FIG. 9 is a top view of a portion of an implant, according to an embodiment.

FIG. 10 is a top view of an implant, according to an embodiment.

FIG. 11 is a flow chart illustrating a method of inserting an implant into a body of a patient, according to an embodiment.

DETAILED DESCRIPTION

In some embodiments, an apparatus includes a support member, a strap extending from the support member, and a sleeve releasably disposed over at least a portion of the strap. The support member is configured to support a portion of a body of a patient. The strap is configured to be inserted through at least a portion of a tissue of the patient. The sleeve is releasably coupled to the strap by a releasable joint. The sleeve is configured to be removed from the strap when at least a portion of the strap is disposed within the tissue of the patient.

In some embodiments, an apparatus includes a sleeve releasably coupled to a strap of an implant by a releasable joint, a dilator coupled to the sleeve, and a dart coupled to the dilator. The dart is configured to pierce a tissue of the patient when the dart is inserted through the tissue. The dilator is configured to dilate the tissue of a patient when the dilator is inserted through the tissue. The releasable joint is configured to brake and/or release and the sleeve is configured to be removed from the strap of the implant when a force is applied to the strap at a position along the strap and the sleeve is pulled in a direction away from the strap.

In some embodiments, a method includes inserting a pelvic implant into a body of a patient through a vaginal incision. The pelvic implant includes a support portion, a strap extending from the support portion, and a sleeve disposed over at least a portion of the strap. After inserting the pelvic implant, the strap and the sleeve are pulled at least partially through a pelvic tissue such that the strap is disposed at least partially within the pelvic tissue. A releasable joint on the sleeve is then broken and the sleeve is removed from the strap.

An implant, according to an embodiment, can include one or more tanged portions. The terms “tanged” or “tangs” as used herein mean roughened or jagged edges or areas, such as can result from cutting a woven or knit mesh material. The tanged portion can be used, for example, to anchor or secure the implant to tissue. An implant, according to an embodiment, can be implanted, for example, through a vaginal incision. A procedure to deploy the implant can include a single vaginal incision, such as an anterior vaginal incision.

Implants can be delivered to a pelvic region of a patient using a variety of different delivery devices, only some examples of which are described herein. Various delivery aids are also described, some of which can be included as part of an implant (e.g., provided to a physician assembled) and some of which can be coupled to or associated with an implant just prior to implantation. Such delivery aids are typically removed after placing one or more straps of an implant at a desired tissue securement location, leaving the strap to engage the tissue and support the support portion of the implant. For example, a sleeve or dilator assembly can be used to lead an implant or a strap of an implant through a tissue in an intracorporeal location (i.e., within the patient's body), such as the sacrospinous ligament or arcus tendineus fasciae pelvis. In other embodiments, a sleeve or dilator assembly can be used to lead an implant or a strap of an implant through a tissue and to an extracorporeal location (outside the patient's body), such as through an obturator membrane or muscle and out through an exterior incision in the patient.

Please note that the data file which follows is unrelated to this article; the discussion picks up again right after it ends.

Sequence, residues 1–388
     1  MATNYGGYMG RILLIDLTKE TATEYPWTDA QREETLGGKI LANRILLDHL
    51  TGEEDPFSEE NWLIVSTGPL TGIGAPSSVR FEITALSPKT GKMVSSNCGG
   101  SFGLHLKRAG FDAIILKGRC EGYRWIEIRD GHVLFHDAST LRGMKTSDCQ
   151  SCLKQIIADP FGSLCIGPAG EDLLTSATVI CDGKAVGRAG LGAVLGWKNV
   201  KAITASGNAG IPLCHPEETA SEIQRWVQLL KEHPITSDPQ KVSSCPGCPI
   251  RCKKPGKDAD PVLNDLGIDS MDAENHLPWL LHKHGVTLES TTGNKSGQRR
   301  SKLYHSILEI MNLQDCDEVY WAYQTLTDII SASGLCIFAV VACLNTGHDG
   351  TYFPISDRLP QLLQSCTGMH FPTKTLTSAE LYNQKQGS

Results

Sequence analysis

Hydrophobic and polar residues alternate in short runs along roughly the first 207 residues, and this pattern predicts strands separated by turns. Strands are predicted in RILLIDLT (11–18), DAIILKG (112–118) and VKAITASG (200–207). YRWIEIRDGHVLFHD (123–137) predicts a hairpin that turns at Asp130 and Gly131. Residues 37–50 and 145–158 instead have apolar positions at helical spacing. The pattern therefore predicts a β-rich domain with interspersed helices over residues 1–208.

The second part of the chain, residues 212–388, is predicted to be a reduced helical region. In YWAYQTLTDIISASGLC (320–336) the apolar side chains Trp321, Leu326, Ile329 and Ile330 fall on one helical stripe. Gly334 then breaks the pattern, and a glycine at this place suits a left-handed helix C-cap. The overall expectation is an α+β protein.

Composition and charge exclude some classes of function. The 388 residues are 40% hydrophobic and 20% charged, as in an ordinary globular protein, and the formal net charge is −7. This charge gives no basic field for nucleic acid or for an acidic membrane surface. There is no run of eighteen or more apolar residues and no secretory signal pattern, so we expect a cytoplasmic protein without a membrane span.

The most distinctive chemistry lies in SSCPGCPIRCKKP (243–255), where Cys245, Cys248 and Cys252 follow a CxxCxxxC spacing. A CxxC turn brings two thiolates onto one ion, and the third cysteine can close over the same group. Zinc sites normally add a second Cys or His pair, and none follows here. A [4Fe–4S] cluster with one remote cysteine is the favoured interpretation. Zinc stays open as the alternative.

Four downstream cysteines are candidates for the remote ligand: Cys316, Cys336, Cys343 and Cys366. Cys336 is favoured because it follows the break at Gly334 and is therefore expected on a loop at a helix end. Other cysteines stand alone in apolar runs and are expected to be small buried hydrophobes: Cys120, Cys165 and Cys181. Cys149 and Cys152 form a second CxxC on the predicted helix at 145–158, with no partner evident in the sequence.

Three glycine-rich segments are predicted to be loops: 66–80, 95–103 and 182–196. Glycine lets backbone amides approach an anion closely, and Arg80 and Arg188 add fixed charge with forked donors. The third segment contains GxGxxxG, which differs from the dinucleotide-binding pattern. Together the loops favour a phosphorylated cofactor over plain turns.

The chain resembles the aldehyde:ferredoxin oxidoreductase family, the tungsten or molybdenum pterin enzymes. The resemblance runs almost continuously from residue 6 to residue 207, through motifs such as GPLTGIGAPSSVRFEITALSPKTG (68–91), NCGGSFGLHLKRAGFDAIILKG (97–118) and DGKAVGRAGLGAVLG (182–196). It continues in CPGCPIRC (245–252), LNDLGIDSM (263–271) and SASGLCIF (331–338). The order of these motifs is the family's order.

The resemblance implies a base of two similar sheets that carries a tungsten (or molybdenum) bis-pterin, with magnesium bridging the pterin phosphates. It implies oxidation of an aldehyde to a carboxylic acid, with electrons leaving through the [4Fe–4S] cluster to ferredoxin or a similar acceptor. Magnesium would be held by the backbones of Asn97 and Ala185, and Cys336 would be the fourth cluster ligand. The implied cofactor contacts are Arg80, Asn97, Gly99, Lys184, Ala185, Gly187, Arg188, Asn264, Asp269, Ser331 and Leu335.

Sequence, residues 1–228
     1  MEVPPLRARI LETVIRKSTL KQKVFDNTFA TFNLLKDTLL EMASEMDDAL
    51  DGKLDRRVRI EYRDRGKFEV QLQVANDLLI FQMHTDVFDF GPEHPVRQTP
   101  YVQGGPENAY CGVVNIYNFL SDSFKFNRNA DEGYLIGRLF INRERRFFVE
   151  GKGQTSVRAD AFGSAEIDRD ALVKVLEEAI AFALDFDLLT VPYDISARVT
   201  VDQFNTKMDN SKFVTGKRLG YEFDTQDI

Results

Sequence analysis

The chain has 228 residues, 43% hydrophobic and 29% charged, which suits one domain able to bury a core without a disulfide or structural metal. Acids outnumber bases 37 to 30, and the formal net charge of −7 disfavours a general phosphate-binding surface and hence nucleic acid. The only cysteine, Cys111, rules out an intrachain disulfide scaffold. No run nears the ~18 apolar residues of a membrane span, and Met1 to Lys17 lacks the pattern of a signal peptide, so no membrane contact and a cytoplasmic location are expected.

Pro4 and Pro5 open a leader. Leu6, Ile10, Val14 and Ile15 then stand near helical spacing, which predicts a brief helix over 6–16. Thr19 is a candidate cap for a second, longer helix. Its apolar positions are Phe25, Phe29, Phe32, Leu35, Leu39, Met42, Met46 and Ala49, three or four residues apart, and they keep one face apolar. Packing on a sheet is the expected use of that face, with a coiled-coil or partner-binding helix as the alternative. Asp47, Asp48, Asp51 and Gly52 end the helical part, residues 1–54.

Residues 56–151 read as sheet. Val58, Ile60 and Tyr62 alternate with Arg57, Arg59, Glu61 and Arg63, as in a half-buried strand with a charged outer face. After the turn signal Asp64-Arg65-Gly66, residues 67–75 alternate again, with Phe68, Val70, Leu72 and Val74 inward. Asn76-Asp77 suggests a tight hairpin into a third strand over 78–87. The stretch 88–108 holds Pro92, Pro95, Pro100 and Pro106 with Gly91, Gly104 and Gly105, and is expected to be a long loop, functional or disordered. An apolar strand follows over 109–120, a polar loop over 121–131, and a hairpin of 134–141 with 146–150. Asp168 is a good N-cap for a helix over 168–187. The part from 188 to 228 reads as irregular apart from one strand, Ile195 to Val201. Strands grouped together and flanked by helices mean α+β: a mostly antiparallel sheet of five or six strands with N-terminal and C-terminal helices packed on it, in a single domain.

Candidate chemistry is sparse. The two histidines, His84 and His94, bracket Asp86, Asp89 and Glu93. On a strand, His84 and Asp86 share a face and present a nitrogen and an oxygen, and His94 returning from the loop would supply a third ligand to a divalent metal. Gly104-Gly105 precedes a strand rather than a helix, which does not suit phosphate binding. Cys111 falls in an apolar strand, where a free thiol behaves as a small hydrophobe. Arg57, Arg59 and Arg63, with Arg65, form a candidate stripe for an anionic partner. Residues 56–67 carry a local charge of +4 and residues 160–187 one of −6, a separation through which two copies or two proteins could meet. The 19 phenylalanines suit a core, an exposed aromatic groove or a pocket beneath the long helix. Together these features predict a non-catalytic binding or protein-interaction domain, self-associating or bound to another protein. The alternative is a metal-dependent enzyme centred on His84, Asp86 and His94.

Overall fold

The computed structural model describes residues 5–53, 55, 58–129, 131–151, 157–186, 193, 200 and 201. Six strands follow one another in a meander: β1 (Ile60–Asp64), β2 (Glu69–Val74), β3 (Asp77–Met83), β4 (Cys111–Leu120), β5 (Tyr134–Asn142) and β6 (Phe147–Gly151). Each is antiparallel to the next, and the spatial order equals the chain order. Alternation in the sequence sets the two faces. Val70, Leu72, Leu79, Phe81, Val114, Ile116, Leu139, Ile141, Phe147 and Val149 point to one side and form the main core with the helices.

FIGS. 1 and 2 are schematic illustrations of an implant 100 in a first configuration and a second configuration, respectively, according to an embodiment. Implant 100 includes a support member 110, a strap 112, and a sleeve 122 configured to be releasably coupled to the strap 112.

The support member 110 is configured to be placed within a body of a patient and is configured to support a portion of the body. For example, the support member 110 can be similar to the grafts disclosed in U.S. Patent Application No. 61/017,257 entitled “Apparatus and Method for Uterine Preservation,” filed on Dec. 28, 2007, which is hereby incorporated by reference in its entirety. For example, the support member 110 can be a variety of different shapes, sizes and configurations depending on the intended use for the particular implant. In some embodiments, the support member 110 can be substantially rectangular, square, oval, or elliptical. The support member 110 can be shaped and sized to support a bladder (e.g., to treat a cystocele) and/or a bladder neck and/or support a uterus (e.g., to treat a hysterocele) and/or to support a rectum (e.g. to treat a rectocele).

The support member 110 can be formed with a mesh material to allow tissue in-growth to the implant 100 after implantation. For example, some or all of the support member 110 can be formed with a mesh material as described in U.S. Patent Pub. 2005/0038452 A1 to Chu, the disclosure of which is hereby incorporated by reference in its entirety. In some embodiments, some or all of the support member 110 can be formed with the Advantage® Mesh or the Polyform™ Synthetic Mesh material each provided by Boston Scientific Corporation (“BSC”).

The strap 112 of the implant 100 is coupled to and extends from the support member 110 of the implant 100. The strap 112 is configured to support the support member 110 of the implant 100 when the strap 112 is inserted into a tissue of the patient.

In some embodiments, the strap 112 is formed with the same material as the support member. In other embodiments, the strap is formed with a different material than the support member. For example, the support member can be formed with a first biocompatible material and the strap can be formed with a second biocompatible material different than the first biocompatible material. In another example, the support member is formed with a biological material, and the strap can be formed with a synthetic material. The strap and support member can also have a different weave, pitch, texture, color, and/or pattern from each other. In some embodiments, the strap 112 is, for example, a polymer.